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To predict unpredictable: a platform for modeling of the high-selective oncology drugs was created

 

Moscow, Russia, July 14, 2017. The scientists from BIND RUS and InSysBio (www.insysbio.ru) published a joint research of the new class of anti-oncology treatment in the Journal of Controlled Release. Unique nanoparticles enriched with medications can deliver its content targeted to the tumor site, and the parameters of their effectiveness are programmed during the forming phase. The mathematical model developed in InSysBio, described how exactly such a non-standard composition will accumulate in various tissues of the body.

Slow release of drugs in chemotherapy is an important factor that reduces the toxic effects of active substances on healthy cells, since the simultaneous admission of high concentrations harms the body. The BIND RUS company investigated nanoparticles consisting of a special polymer. The process of particles assembly was designed so that one can control their size and level of saturation with the drug. On the surface of the particles special protein markers that "recognize" receptors on cancer cells were placed. All this allowed to program a site and speed of the content release once nanoparticles were injected into the patient body. Thus, the medication doesn’t hit the blood, and can be slowly released into the tissues of the affected organ, providing a prolonged effect with lower doses of chemotherapy.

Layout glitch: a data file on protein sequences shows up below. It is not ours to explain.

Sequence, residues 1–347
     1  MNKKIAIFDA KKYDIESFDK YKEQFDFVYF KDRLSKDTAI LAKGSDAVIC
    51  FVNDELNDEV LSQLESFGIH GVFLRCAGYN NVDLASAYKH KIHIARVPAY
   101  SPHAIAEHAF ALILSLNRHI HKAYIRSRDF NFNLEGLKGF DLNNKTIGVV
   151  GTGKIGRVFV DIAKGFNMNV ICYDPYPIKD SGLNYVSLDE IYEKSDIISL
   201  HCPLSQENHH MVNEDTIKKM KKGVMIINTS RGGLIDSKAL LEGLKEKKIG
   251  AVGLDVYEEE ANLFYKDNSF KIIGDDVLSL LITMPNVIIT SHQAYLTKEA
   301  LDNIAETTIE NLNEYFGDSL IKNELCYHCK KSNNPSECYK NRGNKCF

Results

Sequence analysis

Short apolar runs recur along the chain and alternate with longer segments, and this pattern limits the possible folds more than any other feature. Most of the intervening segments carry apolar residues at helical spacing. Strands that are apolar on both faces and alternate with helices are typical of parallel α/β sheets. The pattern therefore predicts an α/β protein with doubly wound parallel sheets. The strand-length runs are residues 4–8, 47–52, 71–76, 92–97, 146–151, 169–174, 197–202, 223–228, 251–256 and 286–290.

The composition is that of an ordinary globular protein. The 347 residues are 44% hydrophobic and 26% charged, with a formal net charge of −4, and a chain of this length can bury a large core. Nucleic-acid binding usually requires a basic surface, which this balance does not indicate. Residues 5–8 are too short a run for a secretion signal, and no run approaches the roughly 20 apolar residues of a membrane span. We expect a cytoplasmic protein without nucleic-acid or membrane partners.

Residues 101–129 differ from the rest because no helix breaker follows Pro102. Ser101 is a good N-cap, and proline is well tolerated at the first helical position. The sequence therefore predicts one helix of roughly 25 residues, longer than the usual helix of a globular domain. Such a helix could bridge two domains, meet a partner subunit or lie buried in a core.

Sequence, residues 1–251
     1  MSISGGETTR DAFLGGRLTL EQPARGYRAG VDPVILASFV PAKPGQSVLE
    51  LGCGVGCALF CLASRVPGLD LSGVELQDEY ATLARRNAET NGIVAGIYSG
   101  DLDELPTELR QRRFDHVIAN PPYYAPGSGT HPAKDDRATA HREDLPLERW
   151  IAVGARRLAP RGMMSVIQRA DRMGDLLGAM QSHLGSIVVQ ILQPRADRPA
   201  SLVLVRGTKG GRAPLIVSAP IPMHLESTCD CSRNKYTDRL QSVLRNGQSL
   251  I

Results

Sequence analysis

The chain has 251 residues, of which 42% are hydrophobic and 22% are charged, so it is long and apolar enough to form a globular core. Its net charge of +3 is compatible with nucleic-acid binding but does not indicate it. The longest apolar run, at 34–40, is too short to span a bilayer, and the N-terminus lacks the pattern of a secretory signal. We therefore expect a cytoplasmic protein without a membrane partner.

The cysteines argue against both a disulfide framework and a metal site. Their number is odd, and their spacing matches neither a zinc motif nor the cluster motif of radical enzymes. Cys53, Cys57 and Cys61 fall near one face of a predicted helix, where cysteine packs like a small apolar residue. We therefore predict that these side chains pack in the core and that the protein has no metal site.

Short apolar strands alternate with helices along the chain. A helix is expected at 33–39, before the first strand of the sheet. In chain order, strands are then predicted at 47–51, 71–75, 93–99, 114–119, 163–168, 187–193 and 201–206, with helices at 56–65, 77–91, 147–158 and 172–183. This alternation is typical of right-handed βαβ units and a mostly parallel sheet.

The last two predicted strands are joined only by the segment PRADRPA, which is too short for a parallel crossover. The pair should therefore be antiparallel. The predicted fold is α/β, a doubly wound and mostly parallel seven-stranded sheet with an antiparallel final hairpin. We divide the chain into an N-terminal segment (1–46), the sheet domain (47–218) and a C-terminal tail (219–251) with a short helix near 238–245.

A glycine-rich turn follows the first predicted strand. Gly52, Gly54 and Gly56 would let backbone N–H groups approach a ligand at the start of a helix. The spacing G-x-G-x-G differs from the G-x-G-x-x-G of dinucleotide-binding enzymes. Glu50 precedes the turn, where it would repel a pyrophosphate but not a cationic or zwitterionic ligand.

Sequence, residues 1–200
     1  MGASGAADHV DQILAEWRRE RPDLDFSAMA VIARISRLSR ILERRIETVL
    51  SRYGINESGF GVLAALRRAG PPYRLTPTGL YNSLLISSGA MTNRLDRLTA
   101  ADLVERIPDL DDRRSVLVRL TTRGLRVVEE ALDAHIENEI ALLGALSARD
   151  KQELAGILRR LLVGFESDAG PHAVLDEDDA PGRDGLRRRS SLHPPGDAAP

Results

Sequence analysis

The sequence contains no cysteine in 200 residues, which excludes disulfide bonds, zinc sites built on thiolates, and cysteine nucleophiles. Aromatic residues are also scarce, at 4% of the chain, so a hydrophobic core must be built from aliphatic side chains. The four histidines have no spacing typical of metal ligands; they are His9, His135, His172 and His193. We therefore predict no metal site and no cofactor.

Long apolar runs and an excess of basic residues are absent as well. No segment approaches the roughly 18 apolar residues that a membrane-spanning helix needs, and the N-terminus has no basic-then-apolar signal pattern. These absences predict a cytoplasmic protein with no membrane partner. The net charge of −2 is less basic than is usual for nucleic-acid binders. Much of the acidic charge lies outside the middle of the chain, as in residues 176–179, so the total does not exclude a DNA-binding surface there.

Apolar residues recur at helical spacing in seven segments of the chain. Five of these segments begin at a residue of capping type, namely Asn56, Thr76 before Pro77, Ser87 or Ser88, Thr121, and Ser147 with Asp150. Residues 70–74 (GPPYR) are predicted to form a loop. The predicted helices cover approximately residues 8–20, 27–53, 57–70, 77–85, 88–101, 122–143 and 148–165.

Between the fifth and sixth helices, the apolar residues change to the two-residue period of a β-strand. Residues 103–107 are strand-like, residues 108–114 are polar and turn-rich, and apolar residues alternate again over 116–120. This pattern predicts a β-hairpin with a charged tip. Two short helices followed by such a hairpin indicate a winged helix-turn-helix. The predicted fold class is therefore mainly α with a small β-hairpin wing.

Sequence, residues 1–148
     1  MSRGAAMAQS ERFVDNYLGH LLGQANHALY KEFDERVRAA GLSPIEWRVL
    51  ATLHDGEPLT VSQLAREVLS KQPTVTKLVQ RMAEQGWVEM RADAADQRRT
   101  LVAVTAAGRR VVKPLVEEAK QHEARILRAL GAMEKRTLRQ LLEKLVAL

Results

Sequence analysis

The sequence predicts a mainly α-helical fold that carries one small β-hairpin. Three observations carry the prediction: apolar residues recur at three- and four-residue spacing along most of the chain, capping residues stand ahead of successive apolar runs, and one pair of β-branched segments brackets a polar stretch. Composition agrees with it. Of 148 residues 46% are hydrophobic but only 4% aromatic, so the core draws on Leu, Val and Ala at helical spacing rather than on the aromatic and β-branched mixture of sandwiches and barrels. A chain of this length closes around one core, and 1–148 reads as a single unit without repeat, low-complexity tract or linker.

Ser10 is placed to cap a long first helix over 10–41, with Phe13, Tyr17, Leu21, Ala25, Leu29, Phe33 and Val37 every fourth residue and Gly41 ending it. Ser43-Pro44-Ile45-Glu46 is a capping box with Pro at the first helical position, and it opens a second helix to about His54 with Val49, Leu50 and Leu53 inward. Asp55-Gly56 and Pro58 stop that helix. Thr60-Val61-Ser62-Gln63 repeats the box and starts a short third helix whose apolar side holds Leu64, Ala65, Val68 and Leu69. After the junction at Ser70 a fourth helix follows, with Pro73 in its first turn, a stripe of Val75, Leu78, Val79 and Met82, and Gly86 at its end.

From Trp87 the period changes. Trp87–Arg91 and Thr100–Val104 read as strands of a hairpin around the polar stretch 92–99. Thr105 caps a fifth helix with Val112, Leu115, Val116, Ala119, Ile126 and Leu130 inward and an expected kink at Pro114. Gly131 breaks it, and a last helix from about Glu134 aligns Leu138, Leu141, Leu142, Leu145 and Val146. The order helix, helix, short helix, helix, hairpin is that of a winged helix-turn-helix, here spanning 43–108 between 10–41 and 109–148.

Absolutely unique properties made nanoparticles in some sense unpredictable for pharmacologists. This has complicated the selection of doses for clinical trials and future therapeutic applications. Unlike most drugs, the pharmacokinetics of which is simple and well-studied, the use of nanoparticles forced researchers to consider simultaneously three processes: the distribution of nanoparticles in the body, the distribution of the chemotherapeutic drug and its transition from an encapsulated state into an external environment. Moreover, studies have shown that the high toxicity of the drug effects on the speed distribution of the nanoparticles. The developers of new therapies encountered the question: how to predict a compound concentration in a particular organ for such a complex system?

The solution was found by means of mathematical modeling conducted by Evgeny Metelkin group from the InSysBio company. The team worked with a huge number of unique experimental data provided by BIND RUS, including several types of nanoparticles, programmed for different profiles of release. For modeling such a system, was needed information about the change of drug concentration in vitro and the same data for different tissues and organs, measured in rodents. Collaboration of the theoretical and experimental groups helped to develop the first prototype of the decision-making system for nanoparticles to optimize the release profile and the selection of doses for the new class of drugs.

https://doi.org/10.1016/j.jconrel.2017.06.006

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